South China Sea Nuclear Escalation Could Follow U.S.-Australia Submarine Deal: Malaysia

Malaysia's prime minister criticized and raised concerns over Australia's new deal with the United States to attain nuclear-powered submarines.

Prime Minister Ismail Sabri Yaakob warned that the deal between the U.S. and Australia could lead to a nuclear arms race in the region, Malaysia's Daily Express newspaper first reported. The Malaysian leader raised his concerns directly with Australia's Prime Minister Scott Morrison in a Friday phone call, according a statement from Yaakob's office.

"At the same time, it will provoke other powers to take more aggressive action in this region, especially in the South China Sea," the Malaysian leader warned in a Saturday statement. He also asserted that Malaysia would continue to ensure its regional waters are a "Zone of Peace, Freedom and Neutrality"—as declared under a 1971 agreement with Indonesia, the Philippines, Singapore and Thailand.

Malaysian prime minister
Nuclear escalation in the South China Sea could follow the recent U.S.-Australia submarine deal, warned Malaysian Prime Minister Ismail Sabri Yaakob on Saturday. In this photo, Yaakob arrives at a hotel in Kuala Lumpur on August 20. ARIF KARTONO/AFP via Getty Images

A State Department spokesperson pushed back against Malaysia's assessment of the new agreement with Australia.

"A free and open Indo-Pacific region is critical to the security and prosperity of the American people and for our allies and partners. This partnership will help defend our shared interests there for generations," the spokesperson told Newsweek.

"This enhanced security partnership is especially important given the changing strategic environment in the region. It demonstrates U.S. commitment to revitalizing our alliances and strengthening them to take on the challenges of the 21st century."

The plan with Australia has drawn substantial criticism from several nations. China—the regional superpower—condemned the decision as "extremely irresponsible." Chinese foreign ministry spokesman Zhao Lijian said during a press briefing that it "seriously undermines regional peace and stability and intensifies the arms race."

China claims most of the South China Sea as its own despite conflicting claims with regional nations—including Malaysia—and an international tribunal ruling against its claim in 2016.

France—a key ally of the U.S. and Australia—was outraged by the decision, as Australia canceled a previous deal for diesel submarines with the European nation in favor of the nuclear-powered submarines, which are stealthier and more durable, among other advantages.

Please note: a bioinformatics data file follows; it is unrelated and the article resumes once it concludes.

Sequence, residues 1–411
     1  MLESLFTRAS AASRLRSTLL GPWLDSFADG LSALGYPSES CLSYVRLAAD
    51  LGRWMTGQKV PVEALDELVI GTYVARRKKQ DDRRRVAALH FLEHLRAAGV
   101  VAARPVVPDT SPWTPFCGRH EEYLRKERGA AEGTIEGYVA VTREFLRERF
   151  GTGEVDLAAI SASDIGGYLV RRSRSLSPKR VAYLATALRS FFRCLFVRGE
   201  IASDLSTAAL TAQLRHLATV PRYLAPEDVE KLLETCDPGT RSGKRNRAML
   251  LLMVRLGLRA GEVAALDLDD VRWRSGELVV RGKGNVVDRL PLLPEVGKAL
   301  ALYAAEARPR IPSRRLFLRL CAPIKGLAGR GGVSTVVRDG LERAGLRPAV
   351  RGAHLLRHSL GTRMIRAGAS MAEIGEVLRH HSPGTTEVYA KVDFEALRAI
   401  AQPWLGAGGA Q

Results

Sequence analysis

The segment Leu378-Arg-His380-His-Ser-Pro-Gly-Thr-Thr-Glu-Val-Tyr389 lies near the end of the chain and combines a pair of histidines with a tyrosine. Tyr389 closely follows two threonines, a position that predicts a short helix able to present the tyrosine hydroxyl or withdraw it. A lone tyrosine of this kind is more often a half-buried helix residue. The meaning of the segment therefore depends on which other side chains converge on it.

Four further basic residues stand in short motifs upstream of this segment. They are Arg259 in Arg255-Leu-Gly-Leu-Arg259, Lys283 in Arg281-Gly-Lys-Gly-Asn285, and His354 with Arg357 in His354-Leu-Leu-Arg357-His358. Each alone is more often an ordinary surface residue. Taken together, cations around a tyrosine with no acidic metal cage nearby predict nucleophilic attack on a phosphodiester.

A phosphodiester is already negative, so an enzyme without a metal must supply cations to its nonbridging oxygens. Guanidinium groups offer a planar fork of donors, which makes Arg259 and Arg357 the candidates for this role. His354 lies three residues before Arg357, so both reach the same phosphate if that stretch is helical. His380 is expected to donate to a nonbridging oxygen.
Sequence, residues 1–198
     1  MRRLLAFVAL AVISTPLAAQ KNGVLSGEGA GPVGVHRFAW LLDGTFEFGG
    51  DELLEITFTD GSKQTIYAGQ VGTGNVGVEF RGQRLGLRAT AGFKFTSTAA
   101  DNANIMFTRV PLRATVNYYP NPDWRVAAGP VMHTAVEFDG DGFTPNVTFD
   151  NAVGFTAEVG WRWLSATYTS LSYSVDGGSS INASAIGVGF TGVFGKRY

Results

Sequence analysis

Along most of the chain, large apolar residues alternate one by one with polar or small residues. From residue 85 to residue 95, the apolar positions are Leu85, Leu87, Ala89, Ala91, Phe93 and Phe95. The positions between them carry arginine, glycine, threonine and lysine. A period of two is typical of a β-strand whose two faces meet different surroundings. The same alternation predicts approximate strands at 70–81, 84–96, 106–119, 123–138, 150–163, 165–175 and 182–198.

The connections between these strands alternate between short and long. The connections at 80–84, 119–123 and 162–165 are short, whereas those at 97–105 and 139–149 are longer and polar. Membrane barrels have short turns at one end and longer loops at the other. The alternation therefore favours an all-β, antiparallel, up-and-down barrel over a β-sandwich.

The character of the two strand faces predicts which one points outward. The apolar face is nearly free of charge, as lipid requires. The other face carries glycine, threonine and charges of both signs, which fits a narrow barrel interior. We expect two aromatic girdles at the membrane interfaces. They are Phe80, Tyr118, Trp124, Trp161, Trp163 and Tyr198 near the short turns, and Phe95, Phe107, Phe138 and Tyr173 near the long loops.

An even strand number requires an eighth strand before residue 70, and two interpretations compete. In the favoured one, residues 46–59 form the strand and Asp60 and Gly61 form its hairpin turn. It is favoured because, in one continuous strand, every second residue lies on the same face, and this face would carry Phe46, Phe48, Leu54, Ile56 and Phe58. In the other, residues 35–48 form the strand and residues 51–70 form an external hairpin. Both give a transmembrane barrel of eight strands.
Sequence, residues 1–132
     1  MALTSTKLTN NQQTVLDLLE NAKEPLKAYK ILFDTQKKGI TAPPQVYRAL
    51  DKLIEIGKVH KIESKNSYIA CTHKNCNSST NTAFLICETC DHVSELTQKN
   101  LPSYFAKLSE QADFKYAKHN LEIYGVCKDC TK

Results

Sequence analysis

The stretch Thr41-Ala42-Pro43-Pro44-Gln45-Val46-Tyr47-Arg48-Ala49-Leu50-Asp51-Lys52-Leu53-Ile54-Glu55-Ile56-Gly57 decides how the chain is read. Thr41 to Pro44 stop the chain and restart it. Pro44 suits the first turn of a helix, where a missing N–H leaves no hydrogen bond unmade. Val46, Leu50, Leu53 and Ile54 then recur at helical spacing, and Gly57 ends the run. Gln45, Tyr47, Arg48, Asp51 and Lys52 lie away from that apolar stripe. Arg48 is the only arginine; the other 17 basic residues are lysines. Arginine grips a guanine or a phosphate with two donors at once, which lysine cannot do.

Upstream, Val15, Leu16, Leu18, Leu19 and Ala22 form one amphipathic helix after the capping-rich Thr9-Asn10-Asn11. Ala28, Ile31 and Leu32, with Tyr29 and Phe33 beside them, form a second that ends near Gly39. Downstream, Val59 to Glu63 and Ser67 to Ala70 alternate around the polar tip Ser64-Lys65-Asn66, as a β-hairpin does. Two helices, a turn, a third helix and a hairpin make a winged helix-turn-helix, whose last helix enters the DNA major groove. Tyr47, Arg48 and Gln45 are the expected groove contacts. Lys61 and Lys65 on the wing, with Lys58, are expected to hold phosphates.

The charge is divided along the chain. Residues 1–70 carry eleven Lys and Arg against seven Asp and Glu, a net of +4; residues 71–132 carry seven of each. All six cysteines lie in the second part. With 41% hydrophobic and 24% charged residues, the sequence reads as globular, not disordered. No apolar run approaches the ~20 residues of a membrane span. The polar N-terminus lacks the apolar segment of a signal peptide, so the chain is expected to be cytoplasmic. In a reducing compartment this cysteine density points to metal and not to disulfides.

"This brutal, unilateral and unpredictable decision reminds me a lot of what Mr. Trump used to do," French Foreign Minister Jean-Yves Le Drian told Franceinfo radio on Thursday. "I am angry and bitter. This isn't done between allies."

The European nation then recalled its ambassadors from the U.S. and Australia on Friday.

"At the request of the President of the Republic, I have decided to immediately recall our two ambassadors to the United States and Australia to Paris for consultations," the French foreign minister said in a statement. "This exceptional decision is justified by the exceptional gravity of the announcements made on 15 September by Australia and the United States."

State Department spokesperson Ned Price responded to France's anger by calling the European nation a "vital partner."

"We have been in close contact with our French allies. We understand their position, and we are aware of their plans to recall Ambassador Etienne to Paris for consultations. France is a vital partner & our oldest ally, and we place the highest value on our relationship," Price wrote in a Twitter post.

[1 of 3]: We have been in close contact with our French allies. We understand their position, and we are aware of their plans to recall Ambassador Etienne to Paris for consultations. France is a vital partner & our oldest ally, and we place the highest value on our relationship. pic.twitter.com/xLci8Y8V6V

— Ned Price (@StateDeptSpox) September 18, 2021

Meanwhile, Singapore spoke favorably of the new Australia-U.S. deal. The island nation's Ministry of Foreign Affairs said Prime Minister Lee Hsien Loong spoke to Morrison by phone this week. Lee told the Australian leader he hopes the deal will "contribute constructively to the peace and stability of the region and complement the regional architecture," according to the ministry.

This article has been updated with a statement from a State Department spokesperson.